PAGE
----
Narcolepsy can be a debilitating condition, but there are ways to manage its symptoms. Learn about Narcolepsy Symptoms in Adults and how to cope with them.
Narcolepsy is a sleep disorder that causes sudden attacks of excessive daytime drowsiness. Although it’s most commonly diagnosed in children, it can also occur in adults. Symptoms of narcolepsy include daytime sleepiness, hallucinations, and vivid dreams. In addition to these symptoms, there are other factors that can contribute to the development of narcolepsy in adults, including a family history of the disease, stress, and certain medications.
What Is Narcolepsy?
Narcolepsy is a sleep disorder that affects the brain’s ability to regulate wakefulness and sleep cycles. It is characterized by sudden, uncontrollable attacks of daytime sleepiness and can also cause other symptoms such as cataplexy, hallucinations, and sleep paralysis. Narcolepsy typically begins in adolescence or young adulthood, but it can occur at any age.
The exact cause of narcolepsy is not fully understood, but it is believed to involve a combination of genetic and environmental factors. Studies have shown that individuals with narcolepsy have low levels of hypocretin, a neurotransmitter responsible for regulating wakefulness. This deficiency may be caused by an autoimmune response that destroys hypocretin-producing cells in the brain.
Narcolepsy can significantly impact daily life by interfering with work, school, and social activities. There are treatments available to manage symptoms such as medication and lifestyle adjustments.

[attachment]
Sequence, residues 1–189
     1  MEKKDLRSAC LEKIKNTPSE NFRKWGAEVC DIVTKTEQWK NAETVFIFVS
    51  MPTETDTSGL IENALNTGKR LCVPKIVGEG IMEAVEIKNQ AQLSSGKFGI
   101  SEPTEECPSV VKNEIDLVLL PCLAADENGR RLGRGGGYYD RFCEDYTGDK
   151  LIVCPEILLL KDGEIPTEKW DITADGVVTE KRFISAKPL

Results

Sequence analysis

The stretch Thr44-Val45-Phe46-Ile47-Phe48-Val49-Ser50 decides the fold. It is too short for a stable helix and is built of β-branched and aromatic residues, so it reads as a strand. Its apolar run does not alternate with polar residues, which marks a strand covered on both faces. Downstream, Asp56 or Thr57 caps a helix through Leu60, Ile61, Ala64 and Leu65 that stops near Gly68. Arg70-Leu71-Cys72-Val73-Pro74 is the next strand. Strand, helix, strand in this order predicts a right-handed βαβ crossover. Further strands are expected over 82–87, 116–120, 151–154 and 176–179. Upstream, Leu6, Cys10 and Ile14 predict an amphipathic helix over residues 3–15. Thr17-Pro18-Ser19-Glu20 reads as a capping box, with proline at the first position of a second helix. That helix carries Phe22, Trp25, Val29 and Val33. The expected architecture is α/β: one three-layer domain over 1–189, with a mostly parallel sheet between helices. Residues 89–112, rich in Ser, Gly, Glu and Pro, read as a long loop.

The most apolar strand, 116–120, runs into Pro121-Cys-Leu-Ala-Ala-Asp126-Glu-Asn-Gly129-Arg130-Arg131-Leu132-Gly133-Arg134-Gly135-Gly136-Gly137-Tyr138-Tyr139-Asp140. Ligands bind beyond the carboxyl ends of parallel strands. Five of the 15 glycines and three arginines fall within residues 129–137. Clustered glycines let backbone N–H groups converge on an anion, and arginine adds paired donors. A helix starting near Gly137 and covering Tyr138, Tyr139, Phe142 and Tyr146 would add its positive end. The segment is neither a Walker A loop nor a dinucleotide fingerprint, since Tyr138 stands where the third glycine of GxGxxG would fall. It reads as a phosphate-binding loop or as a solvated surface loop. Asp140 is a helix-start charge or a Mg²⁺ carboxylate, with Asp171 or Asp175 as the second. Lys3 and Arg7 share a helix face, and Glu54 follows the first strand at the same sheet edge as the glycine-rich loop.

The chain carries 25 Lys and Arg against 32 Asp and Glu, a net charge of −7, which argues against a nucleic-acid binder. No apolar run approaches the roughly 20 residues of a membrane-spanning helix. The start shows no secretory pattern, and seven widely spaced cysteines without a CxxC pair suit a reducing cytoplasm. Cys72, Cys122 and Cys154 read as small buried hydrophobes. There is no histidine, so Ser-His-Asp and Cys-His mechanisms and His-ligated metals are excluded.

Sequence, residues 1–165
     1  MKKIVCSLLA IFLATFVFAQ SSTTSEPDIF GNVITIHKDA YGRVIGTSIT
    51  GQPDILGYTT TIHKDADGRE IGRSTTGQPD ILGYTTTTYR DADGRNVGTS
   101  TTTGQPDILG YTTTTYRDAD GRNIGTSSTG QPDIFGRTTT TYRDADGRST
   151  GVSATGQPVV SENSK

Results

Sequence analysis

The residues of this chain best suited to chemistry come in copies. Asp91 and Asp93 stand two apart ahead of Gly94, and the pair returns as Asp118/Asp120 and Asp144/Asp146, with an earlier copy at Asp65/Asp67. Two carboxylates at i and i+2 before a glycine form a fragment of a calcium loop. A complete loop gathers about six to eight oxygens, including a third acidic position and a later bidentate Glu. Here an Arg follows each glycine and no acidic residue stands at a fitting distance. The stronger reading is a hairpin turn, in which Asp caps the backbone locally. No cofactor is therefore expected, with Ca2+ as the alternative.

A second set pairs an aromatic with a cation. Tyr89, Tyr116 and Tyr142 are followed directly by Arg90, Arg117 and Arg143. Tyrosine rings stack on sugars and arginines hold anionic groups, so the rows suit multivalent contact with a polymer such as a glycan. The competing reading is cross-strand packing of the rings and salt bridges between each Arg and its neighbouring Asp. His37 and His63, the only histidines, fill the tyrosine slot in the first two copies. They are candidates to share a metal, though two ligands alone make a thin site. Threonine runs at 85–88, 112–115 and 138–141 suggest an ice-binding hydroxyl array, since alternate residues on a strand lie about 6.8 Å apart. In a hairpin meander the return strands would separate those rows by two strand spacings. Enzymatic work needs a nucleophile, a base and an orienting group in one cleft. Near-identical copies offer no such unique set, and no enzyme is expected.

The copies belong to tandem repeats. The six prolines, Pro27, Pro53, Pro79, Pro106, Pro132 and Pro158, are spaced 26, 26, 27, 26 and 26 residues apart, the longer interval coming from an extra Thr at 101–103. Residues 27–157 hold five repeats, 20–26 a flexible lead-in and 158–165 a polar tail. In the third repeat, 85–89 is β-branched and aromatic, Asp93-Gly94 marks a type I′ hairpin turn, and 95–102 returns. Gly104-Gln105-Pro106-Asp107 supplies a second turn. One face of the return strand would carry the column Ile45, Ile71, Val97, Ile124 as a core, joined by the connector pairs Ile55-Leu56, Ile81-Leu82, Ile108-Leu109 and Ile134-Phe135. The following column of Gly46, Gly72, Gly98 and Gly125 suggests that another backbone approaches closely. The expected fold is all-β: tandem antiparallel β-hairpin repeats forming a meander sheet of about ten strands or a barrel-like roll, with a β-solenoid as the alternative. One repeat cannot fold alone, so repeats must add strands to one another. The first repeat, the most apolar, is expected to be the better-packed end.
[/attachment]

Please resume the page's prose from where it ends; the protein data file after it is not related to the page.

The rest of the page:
Types of Narcolepsy
According to the International Classification of Sleep Disorders, Third Edition (ICSD-3), narcolepsy is a neurological disorder that affects the brain’s ability to regulate sleep-wake cycles. It is characterized by excessive daytime sleepiness (EDS) and sudden, uncontrollable episodes of falling asleep during the day. This condition can be classified into two types: narcolepsy type 1 (NT1) and narcolepsy type 2 (NT2).
Narcolepsy Type 1
Narcolepsy with Cataplexy, previously known as NT1, is a type of narcolepsy where the patient experiences episodes of sudden muscle weakness or paralysis, also known as cataplexy. This condition can significantly affect the person’s daily life and make it challenging to perform everyday activities.
The cause of narcolepsy with cataplexy is believed to be a deficiency in hypocretin-1, a chemical in the body that controls wakefulness. Hypocretin-1 ensures that we are awake during the day and asleep at night by regulating our circadian rhythm. However, individuals with narcolepsy have low levels of this chemical due to damage to the neurons responsible for its production. This leads to excessive daytime sleepiness and fragmented nighttime sleep patterns.